Grizzly and black bears are currently in a phase known as “hyperphagia,” which is an increase in feeding activity driven by the biological need to fatten up before going into hibernation for the winter. Bears are intensely feeding on any available food resources including berries and often elk carcasses left behind by successful hunters. Bears will be very protective of their food caches, so it is important to be aware of your surroundings and to be prepared for an unexpected encounter while recreating in Grand Teton National Park and throughout the Greater Yellowstone Ecosystem.
Now is a great time to get out your bear spray and review your skills. Being prepared is critical to how you respond to a potentially dangerous encounter with a bear.
Safety in bear country requires being alert and aware of your surroundings. Travel in groups (don't go alone) and be sure to make noise, especially in areas where visibility is limited or other noise (such as wind or rushing water) may mask your approach. Have your bear spray readily accessible in a secure holster, preferably on a belt or chest strap where you can quickly remove and deploy it in the event of an encounter. If you are required to use your spray, remove the trigger safety and spray in the direction of the bear. Aiming at the ground in front of the bear is recommended as this will create a low-lying cloud between you and the approaching animal.
Bears travel outside of the park and into populated areas. If you live near Grand Teton National Park, or anywhere within grizzly and black bear habitat, it is important to make sure all attractants (garbage, pet food, bird feeders, etc.) are put away in a secure building or in such a way that a bear can't get it. This will help bears stay out of trouble when/if they are passing through neighborhoods.
A few things to consider before recreating in bear country:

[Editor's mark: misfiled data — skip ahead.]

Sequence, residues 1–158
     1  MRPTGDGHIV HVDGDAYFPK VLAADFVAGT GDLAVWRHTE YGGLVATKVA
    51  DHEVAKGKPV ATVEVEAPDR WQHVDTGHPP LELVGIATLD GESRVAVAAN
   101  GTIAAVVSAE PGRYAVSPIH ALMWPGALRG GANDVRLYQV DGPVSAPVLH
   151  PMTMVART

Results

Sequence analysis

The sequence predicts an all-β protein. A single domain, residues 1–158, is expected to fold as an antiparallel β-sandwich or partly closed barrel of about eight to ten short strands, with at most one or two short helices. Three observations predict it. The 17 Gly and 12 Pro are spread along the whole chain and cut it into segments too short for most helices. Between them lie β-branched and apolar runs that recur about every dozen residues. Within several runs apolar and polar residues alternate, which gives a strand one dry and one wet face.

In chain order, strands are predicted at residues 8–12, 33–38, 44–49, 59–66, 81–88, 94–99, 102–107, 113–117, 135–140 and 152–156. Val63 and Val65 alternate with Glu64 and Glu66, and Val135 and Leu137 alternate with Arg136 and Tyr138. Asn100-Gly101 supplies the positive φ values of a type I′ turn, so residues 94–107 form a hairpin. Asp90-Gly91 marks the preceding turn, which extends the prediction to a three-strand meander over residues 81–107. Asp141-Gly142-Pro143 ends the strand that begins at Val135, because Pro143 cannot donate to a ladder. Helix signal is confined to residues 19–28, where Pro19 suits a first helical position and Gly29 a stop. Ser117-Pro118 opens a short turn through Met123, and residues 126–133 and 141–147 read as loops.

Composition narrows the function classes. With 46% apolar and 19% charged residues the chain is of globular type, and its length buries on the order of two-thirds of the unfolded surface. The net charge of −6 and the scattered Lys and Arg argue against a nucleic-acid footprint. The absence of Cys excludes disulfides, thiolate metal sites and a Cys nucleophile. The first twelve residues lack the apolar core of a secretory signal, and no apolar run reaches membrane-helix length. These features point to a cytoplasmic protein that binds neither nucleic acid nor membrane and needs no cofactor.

Is your bear spray EPA registered? There are many self-defense pepper sprays on the market. Make sure yours is labeled Bear Spray and indicates EPA registration on the label.
Is your bear spray expired? Replace your bear spray if it is expired!
Is it readily accessible and secure? Keep bear spray on a belt or chest harness on the outside of clothing layers, not in or attached to the side of your pack.
Can you release the trigger safety quickly? Practice with an inert can until you can safely release it quickly and without looking 100% of the time.
What is your reaction time? Most encounters occur at close range, leaving you just 2 seconds to deploy spray. Practice with empty or inert cans until you are proficient.
What will you do if you see a bear? What is your bear spray strategy? Thinking about these in advance will help improve chances for a successful outcome.
Use two hands to steady bear spray when deploying.
Trigger safety - always keep the safety on and store your bear spray properly! Most inadvertent human exposure to bear spray occurs with trigger safeties removed.
Buy the largest can available. Large cans spray for longer durations. Consider carrying 2 cans on multi-day trips in areas of high grizzly bear density.
Should everyone in your party carry bear spray? Yes, all adults should have their own can.
Not sure what to do with your expired or unused bear spray? Visitor centers in Grand Teton National Park, the Elk Refuge visitor center on the north end of Jackson, Teton County Recycling Center, and Jackson Hole Airport all take canisters for recycling, free of charge.
Remember, always carry bear spray when hiking in Grand Teton, and be bear aware! Stay safe out there and enjoy yourself while recreating responsibly in Grand Teton.